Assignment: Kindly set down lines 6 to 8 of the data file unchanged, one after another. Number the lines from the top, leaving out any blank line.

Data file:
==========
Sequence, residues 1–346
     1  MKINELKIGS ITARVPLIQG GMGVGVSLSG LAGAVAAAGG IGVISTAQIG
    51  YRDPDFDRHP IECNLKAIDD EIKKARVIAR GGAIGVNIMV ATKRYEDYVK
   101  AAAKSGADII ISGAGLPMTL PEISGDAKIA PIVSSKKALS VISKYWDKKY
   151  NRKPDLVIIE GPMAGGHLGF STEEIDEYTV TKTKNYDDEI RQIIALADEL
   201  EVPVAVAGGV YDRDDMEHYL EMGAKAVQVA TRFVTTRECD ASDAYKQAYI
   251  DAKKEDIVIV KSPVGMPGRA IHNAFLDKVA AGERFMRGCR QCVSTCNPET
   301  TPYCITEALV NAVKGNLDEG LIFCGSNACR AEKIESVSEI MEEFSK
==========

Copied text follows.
   201  EVPVAVAGGV YDRDDMEHYL EMGAKAVQVA TRFVTTRECD ASDAYKQAYI
   251  DAKKEDIVIV KSPVGMPGRA IHNAFLDKVA AGERFMRGCR QCVSTCNPET
   301  TPYCITEALV NAVKGNLDEG LIFCGSNACR AEKIESVSEI MEEFSK